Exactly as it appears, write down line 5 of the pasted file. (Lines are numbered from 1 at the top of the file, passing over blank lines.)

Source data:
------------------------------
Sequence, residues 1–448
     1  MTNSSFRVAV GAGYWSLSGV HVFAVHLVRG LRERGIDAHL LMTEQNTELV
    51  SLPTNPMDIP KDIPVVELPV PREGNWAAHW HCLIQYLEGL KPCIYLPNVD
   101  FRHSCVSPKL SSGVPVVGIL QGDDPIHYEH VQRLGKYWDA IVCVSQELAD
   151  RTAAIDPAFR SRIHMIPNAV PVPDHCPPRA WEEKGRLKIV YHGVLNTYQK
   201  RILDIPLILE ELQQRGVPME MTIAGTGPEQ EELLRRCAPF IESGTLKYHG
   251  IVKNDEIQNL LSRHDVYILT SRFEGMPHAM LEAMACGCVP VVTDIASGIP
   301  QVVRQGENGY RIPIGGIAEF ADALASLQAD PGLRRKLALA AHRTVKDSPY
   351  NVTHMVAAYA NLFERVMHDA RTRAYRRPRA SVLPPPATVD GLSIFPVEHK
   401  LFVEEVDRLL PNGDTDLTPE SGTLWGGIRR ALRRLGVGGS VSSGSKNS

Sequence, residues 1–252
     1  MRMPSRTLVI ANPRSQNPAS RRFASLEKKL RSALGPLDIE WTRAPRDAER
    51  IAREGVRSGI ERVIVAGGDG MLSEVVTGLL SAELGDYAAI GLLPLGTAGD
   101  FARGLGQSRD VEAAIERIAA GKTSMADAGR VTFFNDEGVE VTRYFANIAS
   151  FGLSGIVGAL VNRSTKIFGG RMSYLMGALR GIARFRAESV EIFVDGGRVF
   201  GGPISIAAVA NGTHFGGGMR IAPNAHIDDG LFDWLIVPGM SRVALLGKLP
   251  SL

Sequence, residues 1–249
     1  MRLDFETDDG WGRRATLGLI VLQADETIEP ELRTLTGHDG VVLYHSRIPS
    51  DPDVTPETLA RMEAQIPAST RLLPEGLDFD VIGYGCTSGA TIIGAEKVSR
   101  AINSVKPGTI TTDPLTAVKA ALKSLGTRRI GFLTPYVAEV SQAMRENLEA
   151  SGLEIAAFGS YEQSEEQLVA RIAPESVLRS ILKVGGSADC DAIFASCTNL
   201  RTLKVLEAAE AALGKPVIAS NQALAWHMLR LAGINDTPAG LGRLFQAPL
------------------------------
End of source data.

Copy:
   151  RTAAIDPAFR SRIHMIPNAV PVPDHCPPRA WEEKGRLKIV YHGVLNTYQK